S.F. teens bar mitzvah project a home run for kids in Cuba and for filmmaker parents

Cuba has a long list of baseball heroes — a few dozen players who achieved fame in America, and hundreds if not thousands more who never got to ply their major league–caliber skills in this country for political reasons.

Is 15-year-old Mica Jarmel-Schneider of San Francisco being added, in his own unique way, to the list?

Mica already is a hero to some kids in Cuba, and soon he likely will be a hero to even more. But it’s not because of his talents as a baseball player.

Three years ago, for his bar mitzvah community service project, Mica decided to collect baseball equipment for poverty-stricken kids in Cuba. For someone who plays baseball and loves it as much as he does — and whose Jewish grandfather lived in Cuba for two years during World War II after fleeing Austria — the project seemed like a natural fit.

In his family’s Richmond District home, Mica sorts out some of the equipment he has collected.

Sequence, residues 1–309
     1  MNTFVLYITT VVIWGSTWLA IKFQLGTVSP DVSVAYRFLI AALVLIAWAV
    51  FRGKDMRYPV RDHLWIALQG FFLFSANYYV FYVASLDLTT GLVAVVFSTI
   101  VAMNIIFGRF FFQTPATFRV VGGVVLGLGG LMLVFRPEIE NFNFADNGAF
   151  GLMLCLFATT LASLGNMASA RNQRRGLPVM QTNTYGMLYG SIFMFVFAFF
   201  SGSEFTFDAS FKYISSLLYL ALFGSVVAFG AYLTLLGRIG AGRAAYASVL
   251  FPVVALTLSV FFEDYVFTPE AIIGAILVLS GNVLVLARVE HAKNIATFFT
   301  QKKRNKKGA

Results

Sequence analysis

“I’m repaying Cubans in a way for sheltering my grandfather when he escaped the Holocaust,” Mica said.

Not only is the project still going strong nearly two years after his bar mitzvah, but Mica’s filmmaker parents are about a third of the way into making a documentary titled “Got Balz?” about their son’s efforts.

Marcia Jarmel and Ken Schneider

The first 17 minutes of the film will be screened Feb. 27 at Sports Basement, a sporting goods store in San Francisco that has donated equipment to Mica’s project. The event, which will feature Cuban music and a 20 percent store discount, aims to raise funds for the film and collect more donations of used baseball gear for Mica’s project.

The remainder of the film, including what are expected to be its most emotional moments, will be shot during Mica’s spring break from March 25 to April 3, when he visits baseball-crazy Cuba for the first time. He hopes to be toting up to 10 boxes or suitcases of gloves, bats, balls, caps and various other gear he’s collected. It’ll go to kids who love to play baseball but aren’t quite good enough to be part of Cuba’s amateur development program.